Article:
Although monoclonal antibodies are proven to be one of the very few treatments for COVID-19, this lifesaving treatment is very hard to come by. 

On Nov. 21, the monoclonal antibodies were authorized by the FDA to treat adults and children with mild to moderate COVID-19. This antibody treatment was designed for patients who had just been diagnosed with coronavirus and had a high chance of developing any kind of symptoms. The treatment aims to keep patients out of the hospital.

Despite the great results of this treatment, many hospitals are not using their full supply of monoclonal antibodies. The virus has put a huge strain on hospitals and healthcare workers, and the logistics of giving the treatment followed by outpatient pharmaceutical treatments presents a challenge for front line workers. 

To properly administer the treatment, the patient has to be in a confined area where a nurse, in full protective gear, gives the treatment for an hour and watches over the patient for the following hour. The combination of time, overcrowded hospitals, healthcare workers new to administering and receiving the coronavirus vaccine makes it difficult to give the monoclonal antibody treatment at a rapid pace.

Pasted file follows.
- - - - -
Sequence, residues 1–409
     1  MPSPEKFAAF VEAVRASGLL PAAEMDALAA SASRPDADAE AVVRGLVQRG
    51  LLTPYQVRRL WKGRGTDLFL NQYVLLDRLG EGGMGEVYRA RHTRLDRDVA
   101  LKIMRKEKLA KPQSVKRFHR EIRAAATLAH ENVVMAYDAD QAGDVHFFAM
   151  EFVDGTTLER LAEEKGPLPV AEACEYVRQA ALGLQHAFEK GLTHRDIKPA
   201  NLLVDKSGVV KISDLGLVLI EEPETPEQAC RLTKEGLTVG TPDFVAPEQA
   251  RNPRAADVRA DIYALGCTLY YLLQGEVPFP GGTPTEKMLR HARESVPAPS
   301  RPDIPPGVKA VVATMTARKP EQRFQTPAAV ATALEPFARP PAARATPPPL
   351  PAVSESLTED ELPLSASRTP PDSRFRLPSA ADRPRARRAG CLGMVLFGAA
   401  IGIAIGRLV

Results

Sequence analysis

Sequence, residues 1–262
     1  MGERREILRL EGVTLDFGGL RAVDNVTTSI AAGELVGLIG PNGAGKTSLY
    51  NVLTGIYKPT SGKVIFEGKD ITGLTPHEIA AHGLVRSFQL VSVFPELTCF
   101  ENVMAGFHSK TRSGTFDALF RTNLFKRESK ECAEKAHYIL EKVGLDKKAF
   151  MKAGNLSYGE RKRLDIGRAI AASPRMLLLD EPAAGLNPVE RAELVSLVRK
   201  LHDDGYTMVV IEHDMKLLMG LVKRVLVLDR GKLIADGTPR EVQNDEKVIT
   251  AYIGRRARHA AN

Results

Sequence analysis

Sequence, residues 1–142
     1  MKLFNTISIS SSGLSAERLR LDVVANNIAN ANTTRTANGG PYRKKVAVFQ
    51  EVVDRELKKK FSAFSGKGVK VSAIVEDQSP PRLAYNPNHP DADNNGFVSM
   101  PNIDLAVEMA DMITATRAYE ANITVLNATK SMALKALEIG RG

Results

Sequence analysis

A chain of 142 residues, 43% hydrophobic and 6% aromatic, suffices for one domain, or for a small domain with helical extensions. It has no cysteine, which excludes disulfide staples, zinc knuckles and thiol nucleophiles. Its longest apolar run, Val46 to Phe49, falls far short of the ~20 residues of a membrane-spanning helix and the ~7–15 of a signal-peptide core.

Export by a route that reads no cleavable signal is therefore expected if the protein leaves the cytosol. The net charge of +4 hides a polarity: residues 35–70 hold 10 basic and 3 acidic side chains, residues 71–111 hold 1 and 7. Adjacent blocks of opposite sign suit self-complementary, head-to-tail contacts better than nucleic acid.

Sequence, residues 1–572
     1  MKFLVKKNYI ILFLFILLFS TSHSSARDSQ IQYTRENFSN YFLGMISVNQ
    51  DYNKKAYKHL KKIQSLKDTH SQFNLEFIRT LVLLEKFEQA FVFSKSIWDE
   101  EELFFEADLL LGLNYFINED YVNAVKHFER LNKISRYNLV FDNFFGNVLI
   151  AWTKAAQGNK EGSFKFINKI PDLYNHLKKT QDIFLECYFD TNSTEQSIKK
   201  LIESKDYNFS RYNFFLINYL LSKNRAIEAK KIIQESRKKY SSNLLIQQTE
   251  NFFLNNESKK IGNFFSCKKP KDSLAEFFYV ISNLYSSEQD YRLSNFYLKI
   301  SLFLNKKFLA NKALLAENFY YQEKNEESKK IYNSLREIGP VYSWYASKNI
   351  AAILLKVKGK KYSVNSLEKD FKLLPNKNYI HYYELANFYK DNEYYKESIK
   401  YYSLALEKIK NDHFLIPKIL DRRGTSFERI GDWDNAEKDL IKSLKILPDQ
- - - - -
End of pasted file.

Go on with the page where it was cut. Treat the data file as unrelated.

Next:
Over 800,000 patient courses of antibody treatments have been given to hospitals across the U.S. As of Jan. 18, over 550,000 of those treatment courses have been delivered to hospitals, but very few of those treatments are actually being given to patients. A new report from the U.S. Department of Health and Human Services shows that only 5-20% of these treatments are being used. 

Many patients and doctors do not know much about this treatment and do not know to ask for it. Although, one patient from Mississippi knew about the treatment, and his quick action may have saved his life. 

Gary Herritz was desperate for a cure when he was diagnosed with coronavirus on Jan. 12 and quickly became ill. Herritz heard about the monoclonal antibodies from Twitter, after Donald Trump and other high-profile politicians received the “lifesaving” treatment. 

Herritz had a “scratchy throat that had turned to a dry cough, headache, joint pain and fever,” and was worried because he had a “liver transplant in 2012 and a rejection scare in 2018.” After contacting his primary care doctor, transplant team and different health officials across four states, he finally made an appointment to receive what he hoped to be a lifesaving treatment.

The former community service officer said, “I am not rich, I am not special, I am not a political figure. I just called until someone would listen.”

Written ByHaley Weger

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